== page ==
Finals time increases potential for suicide rates
Senior Colin Kammeraad studies in Kirkhof Sunday afternoon.
For nearly all students – at Grand Valley State University and beyond – finals week is synonomous with stress. Final projects, papers and exam preperation are overwhelming for most; however, when the stress becomes too much to handle, the Grand Valley Police Department alongside the Counseling Center are encouraging students who may be experiencing suicidal thoughts to seek their guidance and utilize on-campus resources.
Capt. DeHaan, assistant director of GVPD, said concerns of suicidal behavior often increase with midterm and finals.
He added that the police on campus are responsible for all calls for suicide.
DeHaan said suicidal behaviors can be defined in four ways: suicidal ideation, suicidal intent, attemped suicide and completed suicide.
Suicidal ideation is when an individual is seriously considering committing suicide and may express this to a friend. Suicidal intent is when someone has an actual plan on how they would commit suicide, whereas attempt is when people try to commit suicide, which may or may not result in an injury. The most serious suicidal form is a completed suicide, resulting in ending one’s life.
“We will go to a call for service or department if someone is feeling as though they are thinking about suicidal ideation,” DeHaan said. “We will have a conversation with the individual and encourage students to go to the Counseling Center.”
DeHaan said it is critical that roommates and friends are mindful and observant of their friend’s possible changing behaviors.
“For people who think that they have a friend or roommate that has expressed signs of suicidal ideation, it is better to air on the side of caution than not,” DeHaan said.
Dehaan said that GVPD is in charge of all on-campus suicidal calls, and individuals who live off-campus can contact the Ottawa County Sheriff’s Office.
Erin Klingensmith, clinical psychologist at GVSU’s Counseling Center, said that there are several warning signs that friends and family should look out for: Any noticeable changes in behavior or mood, sudden inability to sleep well, changes in personality, or feelings of hopelessness and helplessness.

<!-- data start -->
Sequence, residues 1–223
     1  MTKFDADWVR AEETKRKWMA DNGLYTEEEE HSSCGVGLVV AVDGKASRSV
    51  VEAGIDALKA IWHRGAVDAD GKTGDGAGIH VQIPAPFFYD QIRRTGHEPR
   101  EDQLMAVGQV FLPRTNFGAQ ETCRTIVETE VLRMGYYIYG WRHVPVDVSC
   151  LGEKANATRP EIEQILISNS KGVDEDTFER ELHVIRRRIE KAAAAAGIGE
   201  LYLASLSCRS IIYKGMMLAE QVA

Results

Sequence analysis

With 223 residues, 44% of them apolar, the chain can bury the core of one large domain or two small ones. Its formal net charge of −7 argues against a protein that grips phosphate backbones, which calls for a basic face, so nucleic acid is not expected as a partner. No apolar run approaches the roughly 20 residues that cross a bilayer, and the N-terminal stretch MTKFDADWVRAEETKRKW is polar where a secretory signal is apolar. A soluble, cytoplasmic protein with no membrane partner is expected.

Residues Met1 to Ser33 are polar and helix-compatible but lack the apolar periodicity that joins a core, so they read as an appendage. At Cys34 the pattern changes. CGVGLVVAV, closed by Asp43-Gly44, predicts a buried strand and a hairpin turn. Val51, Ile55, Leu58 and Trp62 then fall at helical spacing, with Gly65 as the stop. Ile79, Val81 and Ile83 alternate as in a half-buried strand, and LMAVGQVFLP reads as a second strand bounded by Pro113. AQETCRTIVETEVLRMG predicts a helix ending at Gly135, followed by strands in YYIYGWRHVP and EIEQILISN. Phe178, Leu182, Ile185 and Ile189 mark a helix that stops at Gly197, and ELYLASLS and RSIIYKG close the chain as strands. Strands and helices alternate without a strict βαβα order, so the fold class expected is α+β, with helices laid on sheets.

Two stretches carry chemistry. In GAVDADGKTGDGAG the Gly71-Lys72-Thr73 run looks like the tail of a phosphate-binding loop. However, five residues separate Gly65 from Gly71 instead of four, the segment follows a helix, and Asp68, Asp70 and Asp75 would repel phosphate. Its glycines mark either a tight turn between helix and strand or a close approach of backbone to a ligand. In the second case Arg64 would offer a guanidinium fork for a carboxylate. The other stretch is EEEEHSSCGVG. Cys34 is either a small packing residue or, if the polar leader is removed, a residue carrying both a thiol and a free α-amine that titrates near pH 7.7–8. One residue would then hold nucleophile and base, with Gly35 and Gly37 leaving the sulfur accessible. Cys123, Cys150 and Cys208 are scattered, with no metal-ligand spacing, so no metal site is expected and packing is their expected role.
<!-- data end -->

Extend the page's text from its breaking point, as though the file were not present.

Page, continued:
“Triggers for suicidal thoughts or feelings may be due to a loss, stress, changes, or feeling overwhelmed or out of control,” Klingensmith said.
According to the Question Persuade Refer pamphlet by Dr. Paul Quinnett, there are several different direct and indirect verbal cues that individual may express if they’re thinking about suicide.
Some direct verbal cues could include: “I’ve decided to kill myself,” ”I wish I were dead,” “I’m going to kill myself,” or other phrases like these.
Indirect verbal cues could include: ”I’m tired of life,” “What’s the point of going on?”, “My family would be better off without me,” or any similar phrases.
In annual reports released by the Counseling Center tracking suicide-related episodes, numbers showed an increase from the 2010-2011 school year to the 2011-2012 school year, from 49 suicide-related episodes to 60 episodes respectively.
So far this year, Klingensmith said 50 percent of crisis episodes reported are very similar to last year’s statistics.
Klingensmith said the Counseling Center’s role in helping an individual who is thinking about suicide is to have a conversation with the person right away.
“The Counseling Center has office hours, crisis drop-in hours, and a counselor is always on duty every night,” Klingensmith said. “Suicidal concerns can also be addressed to a Resident Assistant, housing, or (GVPD). Counselors can make an assessment on an individual to see where they’re at. If we feel that the student is able to come in the next day to see us we will arrange that, or if we fill like a person is in danger we can send them to the hospital for an evaluation if they seem like they are risk to themselves or others.”
Klingensmith said that if a student refuses to seek help through GVPD or the Counseling Center and a friend, roommate, or professor is aware, they should not keep it to themselves.
“No matter what the background of a student, it doesn’t make a difference, all friends and family must take suicidal thoughts seriously and take the necessary steps to help,” he said.
Each semester student groups participate in one of the Counseling Center’s “Question, Persuade, Prefer” training sessions, Klingensmith said, in an effort to arm people with enough knowledge to help someone that is experiencing suicidal thoughts, but participation is not limited to organizations.
To sign up for the QPR training, call the Counseling Center directly at (616) 331-3266.
SUICIDE-RELATED EPISODES AT GV
**numbers according to GVSU Counseling Center’s 2010-2011, 2011-2012 annual reports
Noticeable changes in behavior or mood
Sudden inability to sleep well
Changes in personality
Feelings of hopelessness and helplessness.
IF YOU, A ROOMMATE OR FRIEND IS HAVING SUICIDAL THOUGHTS, GET HELP:
Counseling Center: (616) 331-3266
On-campus: Grand Valley Police Department (616) 331-3255
Off-campus: Ottawa County Sheriff’s Department